Desiree Ng is effectively bilingual. So are her kids, Ashley and Matthew. Her secret: Hardly any English at home. She speaks only Mandarin with them, lets them watch Disney Channel cartoons in Mandarin and buys learning materials from China.
“My mother spoke Mandarin to us, and exposed us to Mandarin books, speech and drama classes, and shows from China. We had very little exposure to English outside of school,” she says. “But in school, we had plenty of exposure to English. Many of my classmates spoke English.I never had problems picking it up.”
Desiree’s unconventional language teaching methods have worked so well that she has turned it into a successful business – Bibinogs, which offers bilingual and pure Mandarin classes for preschoolers. She has since sold the business.
It’s food for thought for parents who fret that their children will be penalised during the PSLE exams because of weak Mother Tongue scores.
Limited exposure to one language in favour of another may seem counter-intuitive when you hope to nurture a bilingual child. But Desiree explains: “In Singapore, it is much easier to learn English by default. Once children start schooling, they will be constantly exposed to it.
“Parents can try to provide a balance by giving children as much exposure to their mother tongue as they get from English.”
Related story: Diana Ser’s top tips for teaching kids Chinese
Separate your languages Put your child in a pure Mandarin environment as much as possible. “Children need to recognise ownership over the language or they will always fall back on the language they are comfortable with,” says Desiree. “When they have a teacher who speaks only Mandarin to them and nothing else, they will recognise that Mandarin ‘belongs’ to this teacher and speak only Mandarin to her.”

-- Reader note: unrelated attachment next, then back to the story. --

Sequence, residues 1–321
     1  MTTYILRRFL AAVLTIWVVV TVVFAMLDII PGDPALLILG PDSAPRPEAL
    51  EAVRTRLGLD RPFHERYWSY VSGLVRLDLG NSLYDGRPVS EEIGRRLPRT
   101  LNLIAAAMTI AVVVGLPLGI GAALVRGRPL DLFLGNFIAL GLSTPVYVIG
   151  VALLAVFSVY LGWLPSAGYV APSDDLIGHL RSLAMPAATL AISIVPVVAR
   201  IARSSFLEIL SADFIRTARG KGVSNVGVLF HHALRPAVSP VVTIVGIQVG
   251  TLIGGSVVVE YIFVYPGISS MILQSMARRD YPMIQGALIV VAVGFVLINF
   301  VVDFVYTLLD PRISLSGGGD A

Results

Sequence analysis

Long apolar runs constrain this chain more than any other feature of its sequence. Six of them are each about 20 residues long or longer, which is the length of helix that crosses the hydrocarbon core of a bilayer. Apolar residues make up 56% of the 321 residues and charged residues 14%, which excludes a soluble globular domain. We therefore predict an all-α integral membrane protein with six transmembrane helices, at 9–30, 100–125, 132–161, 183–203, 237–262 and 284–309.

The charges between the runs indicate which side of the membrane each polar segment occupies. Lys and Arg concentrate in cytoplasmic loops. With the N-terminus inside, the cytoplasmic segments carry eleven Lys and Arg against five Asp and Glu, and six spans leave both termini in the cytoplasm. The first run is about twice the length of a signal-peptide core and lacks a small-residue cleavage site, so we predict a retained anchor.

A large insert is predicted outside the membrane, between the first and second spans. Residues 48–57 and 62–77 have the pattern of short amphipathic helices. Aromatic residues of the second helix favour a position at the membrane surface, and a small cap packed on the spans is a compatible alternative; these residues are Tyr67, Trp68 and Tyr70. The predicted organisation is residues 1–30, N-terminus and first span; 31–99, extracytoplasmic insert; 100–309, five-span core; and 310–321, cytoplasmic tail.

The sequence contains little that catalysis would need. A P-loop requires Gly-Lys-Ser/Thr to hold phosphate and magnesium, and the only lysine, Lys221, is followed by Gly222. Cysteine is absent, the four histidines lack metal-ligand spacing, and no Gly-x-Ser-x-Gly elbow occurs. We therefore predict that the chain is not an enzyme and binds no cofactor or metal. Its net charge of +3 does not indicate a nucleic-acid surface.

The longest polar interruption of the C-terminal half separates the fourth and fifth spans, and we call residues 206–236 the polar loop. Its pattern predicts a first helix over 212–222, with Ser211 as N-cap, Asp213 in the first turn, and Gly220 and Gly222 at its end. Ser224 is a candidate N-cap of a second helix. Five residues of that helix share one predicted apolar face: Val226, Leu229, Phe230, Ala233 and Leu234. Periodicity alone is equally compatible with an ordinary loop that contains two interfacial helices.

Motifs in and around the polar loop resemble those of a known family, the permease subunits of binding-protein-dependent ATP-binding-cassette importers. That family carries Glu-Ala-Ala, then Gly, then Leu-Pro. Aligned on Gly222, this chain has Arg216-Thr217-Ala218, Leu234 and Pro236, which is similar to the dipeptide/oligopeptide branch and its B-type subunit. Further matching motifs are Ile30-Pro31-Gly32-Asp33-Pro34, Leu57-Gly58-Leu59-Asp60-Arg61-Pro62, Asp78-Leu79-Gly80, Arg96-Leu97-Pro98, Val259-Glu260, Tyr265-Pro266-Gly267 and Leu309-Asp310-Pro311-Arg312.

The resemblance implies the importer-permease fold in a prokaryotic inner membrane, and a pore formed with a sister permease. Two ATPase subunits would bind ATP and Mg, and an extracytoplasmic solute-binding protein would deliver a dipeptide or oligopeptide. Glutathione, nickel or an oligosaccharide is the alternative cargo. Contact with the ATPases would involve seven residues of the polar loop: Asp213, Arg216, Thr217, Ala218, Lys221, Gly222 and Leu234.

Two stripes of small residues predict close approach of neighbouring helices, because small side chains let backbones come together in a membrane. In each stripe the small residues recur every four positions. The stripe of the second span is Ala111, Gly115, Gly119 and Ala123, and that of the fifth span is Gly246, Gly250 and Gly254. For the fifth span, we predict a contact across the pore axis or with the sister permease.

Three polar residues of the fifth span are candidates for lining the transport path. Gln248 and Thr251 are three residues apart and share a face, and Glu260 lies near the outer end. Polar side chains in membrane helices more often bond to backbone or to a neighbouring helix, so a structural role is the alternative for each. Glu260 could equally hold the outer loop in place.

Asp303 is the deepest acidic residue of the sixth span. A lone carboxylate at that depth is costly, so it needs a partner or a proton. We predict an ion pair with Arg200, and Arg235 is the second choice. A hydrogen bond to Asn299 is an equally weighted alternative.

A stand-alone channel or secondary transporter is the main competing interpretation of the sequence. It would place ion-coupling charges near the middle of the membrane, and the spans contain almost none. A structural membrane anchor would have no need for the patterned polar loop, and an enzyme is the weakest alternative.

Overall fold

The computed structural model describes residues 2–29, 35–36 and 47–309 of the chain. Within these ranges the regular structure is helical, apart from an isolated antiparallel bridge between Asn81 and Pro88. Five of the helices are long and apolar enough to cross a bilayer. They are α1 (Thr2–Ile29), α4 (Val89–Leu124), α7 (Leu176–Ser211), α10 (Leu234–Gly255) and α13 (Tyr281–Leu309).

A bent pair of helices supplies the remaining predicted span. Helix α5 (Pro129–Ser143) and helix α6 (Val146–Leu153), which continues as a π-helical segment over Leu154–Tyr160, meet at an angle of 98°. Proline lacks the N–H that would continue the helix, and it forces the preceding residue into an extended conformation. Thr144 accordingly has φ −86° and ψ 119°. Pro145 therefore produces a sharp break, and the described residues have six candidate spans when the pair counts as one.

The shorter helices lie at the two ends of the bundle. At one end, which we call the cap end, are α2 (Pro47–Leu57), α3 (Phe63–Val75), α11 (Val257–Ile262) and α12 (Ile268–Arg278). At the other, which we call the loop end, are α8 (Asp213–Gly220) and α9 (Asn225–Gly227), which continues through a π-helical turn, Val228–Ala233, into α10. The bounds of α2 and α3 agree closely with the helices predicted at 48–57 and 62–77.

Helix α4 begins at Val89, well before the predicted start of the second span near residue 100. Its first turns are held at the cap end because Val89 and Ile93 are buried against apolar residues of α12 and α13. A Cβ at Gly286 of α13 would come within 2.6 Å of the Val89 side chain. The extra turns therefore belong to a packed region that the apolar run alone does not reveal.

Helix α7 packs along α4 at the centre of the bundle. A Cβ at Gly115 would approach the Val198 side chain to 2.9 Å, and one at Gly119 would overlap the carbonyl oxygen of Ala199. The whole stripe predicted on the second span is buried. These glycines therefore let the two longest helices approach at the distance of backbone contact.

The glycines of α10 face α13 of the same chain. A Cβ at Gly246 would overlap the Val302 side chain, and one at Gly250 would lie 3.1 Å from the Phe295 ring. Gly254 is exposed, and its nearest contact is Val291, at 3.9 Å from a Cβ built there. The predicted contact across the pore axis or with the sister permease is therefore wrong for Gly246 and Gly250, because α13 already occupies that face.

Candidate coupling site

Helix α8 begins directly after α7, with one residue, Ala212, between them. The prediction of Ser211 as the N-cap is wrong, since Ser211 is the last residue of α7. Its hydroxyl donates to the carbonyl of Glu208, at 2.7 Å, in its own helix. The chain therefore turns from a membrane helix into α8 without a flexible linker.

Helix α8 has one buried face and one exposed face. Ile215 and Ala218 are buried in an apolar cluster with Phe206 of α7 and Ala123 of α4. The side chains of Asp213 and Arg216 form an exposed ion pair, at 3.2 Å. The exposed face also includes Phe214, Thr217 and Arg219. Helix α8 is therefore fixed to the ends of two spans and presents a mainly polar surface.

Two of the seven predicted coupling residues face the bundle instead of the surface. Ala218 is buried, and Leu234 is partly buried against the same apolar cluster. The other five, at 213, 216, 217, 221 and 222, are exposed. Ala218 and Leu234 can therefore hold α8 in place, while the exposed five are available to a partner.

Make it relevant Take the language out of the classroom. It is easier if the parents can speak Mandarin because parroting is a very natural way for a child to pick up a language. But if the parents aren’t Mandarin speakers, the child can play teacher. “I have a Caucasian student who attends my pure Mandarin classes. When she goes out with her mother, she points things out in Mandarin and tries to teach her mummy.”
Combine it with fun Expose your child to things that interest him, but do it in Mandarin. “My kids love cartoons and they are not going to reject a chance to watch one. Disney Channel is dual sound and I let them watch it in Mandarin. Once they associate the things they like with the language, it doesn’t become a chore to learn it.”
Give up Don’t pull your child out of Mandarin preschool classes just because it clashes with something else. “If you pull your child out for tae kwon do, for instance, he is not going to take Mandarin seriously because he sees it as something he can give up.”
Be impatient When a child feels pressured, learning stops being fun. “Many parents prefer seeing tangible results. They want to see how many words the child can write or speak. Language is not picked up that quickly. Start the child young, be consistent and he will definitely learn, even if you don’t see immediate results.”